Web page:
Sharron Angle Dodges the Media Again

Angle gets chased through a parking lot by the media ...again.

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There's fairly amusing video making the rounds of Nevada GOP Senate candidate Sharron Angle being chased--literally chased--through a parking lot by the inquisitive media. The humor partly stems for the chase; and it also partly stems from the fact that this isn't even the first time this has happened. That's also a reason it's not very funny.

Angle of course is the GOP nominee trying to defeat Senate Majority Leader  Harry Reid. According to the Las Vegas Sun, when Angle's campaign invited the press to an event on the taxes Wednesday it was the first time they had invited the press to anything since the primary more than a month ago. According to the Sun:

Alas, Angle’s more media-friendly moment was over almost as soon as it began.

In the warehouse of a family-owned clean diesel manufacturer in Sparks, Angle delivered a three-minute speech on her desire to permanently repeal the estate tax. When invited by the final speaker to stay and answer a few questions, she turned on her heel and rushed out a back door with a small cadre of staff members.

Reporters, including one who is six months pregnant, chased after her, calling out questions on unemployment benefits and other topics she has largely refused to address.

Don't you love the detail about the pregnant reporter? It really makes the scene. And as I mentioned this isn't even the first time that Angle has been chased through a parking lot. Virtually the same scene (minus the pregnant journalist) played out in June, with a local CBS reporter trying to ask Angle about some of her wackier ideas, like that we need to start "transitioning out" of Social Security and that "Second Amendment remedies" might be required against that mean old liberal Congress.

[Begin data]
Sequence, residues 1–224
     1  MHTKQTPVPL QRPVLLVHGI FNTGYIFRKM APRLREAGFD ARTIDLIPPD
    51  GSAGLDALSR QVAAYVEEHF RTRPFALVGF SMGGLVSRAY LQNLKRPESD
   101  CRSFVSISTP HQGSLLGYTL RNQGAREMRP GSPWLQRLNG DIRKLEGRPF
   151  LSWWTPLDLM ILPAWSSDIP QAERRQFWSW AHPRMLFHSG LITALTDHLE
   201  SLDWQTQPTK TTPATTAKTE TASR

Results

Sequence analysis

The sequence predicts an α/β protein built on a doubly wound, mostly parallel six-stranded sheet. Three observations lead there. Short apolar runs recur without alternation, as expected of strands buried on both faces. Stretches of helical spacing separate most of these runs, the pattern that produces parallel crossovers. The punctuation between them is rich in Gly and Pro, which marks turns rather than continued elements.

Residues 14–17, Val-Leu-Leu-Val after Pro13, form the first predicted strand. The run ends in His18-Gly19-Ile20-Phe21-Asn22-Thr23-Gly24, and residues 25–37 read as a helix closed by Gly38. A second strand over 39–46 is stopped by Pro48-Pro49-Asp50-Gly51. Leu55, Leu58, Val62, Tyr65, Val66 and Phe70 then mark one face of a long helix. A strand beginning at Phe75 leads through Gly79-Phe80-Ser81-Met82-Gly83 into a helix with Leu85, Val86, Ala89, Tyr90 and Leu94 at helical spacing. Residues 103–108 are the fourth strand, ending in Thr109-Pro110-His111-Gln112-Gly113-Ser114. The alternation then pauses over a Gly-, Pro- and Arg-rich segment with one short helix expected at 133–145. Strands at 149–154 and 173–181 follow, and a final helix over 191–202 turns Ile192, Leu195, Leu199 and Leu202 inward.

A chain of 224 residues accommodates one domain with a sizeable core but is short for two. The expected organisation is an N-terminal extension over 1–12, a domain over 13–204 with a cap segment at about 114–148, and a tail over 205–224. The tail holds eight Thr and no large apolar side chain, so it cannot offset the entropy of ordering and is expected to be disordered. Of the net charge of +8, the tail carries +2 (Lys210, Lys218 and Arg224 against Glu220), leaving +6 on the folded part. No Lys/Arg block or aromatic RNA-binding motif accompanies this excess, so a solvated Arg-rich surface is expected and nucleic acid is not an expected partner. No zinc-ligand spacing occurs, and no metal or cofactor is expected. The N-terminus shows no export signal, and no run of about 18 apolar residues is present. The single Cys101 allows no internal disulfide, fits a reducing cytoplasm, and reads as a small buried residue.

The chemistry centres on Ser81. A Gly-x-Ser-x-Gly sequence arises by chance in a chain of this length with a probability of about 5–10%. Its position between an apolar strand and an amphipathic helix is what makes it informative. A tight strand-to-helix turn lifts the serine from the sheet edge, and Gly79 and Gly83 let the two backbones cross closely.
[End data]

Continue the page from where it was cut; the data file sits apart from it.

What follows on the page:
Angle is at the leading edge of an emerging campaign strategy, first debuted by former half-term Gov. Sarah Palin. The idea is that in the new communications age there's no need to actually deal with reporters. Instead candidates can take to Facebook, Twitter, and friendly media outlets to get their message across unchallenged.

As I wrote last week:

Palin is of course not unique in embracing new media. Obama campaign-produced videos were viewed over one billion times during the 2008 presidential campaign according to Tom Rosenstiel, director of the Pew Research Center's Project for Excellence in Journalism. That's more eyes watching Obama on YouTube, Rosenstiel suggests, than saw him on network nightly news reports.

But new and alternative media have been a component of a media strategy, not its totality. With the press transcribing Palin's tweets as if they were serious policy statements, why should she ever go back? And other candidates are starting to take Palin's cues.

Angle and Kentucky GOP-er Rand Paul (running for Sen. Jim Bunning's seat) are the main proponents of this tack in 2010. Hopefully the example they set won't lead anyone to follow it in 2012.